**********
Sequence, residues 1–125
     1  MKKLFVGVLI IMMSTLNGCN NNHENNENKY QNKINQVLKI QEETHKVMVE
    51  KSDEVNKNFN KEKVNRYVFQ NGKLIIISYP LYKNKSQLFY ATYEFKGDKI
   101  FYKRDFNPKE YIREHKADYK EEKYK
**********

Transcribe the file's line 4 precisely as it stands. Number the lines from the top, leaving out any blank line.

   101  FYKRDFNPKE YIREHKADYK EEKYK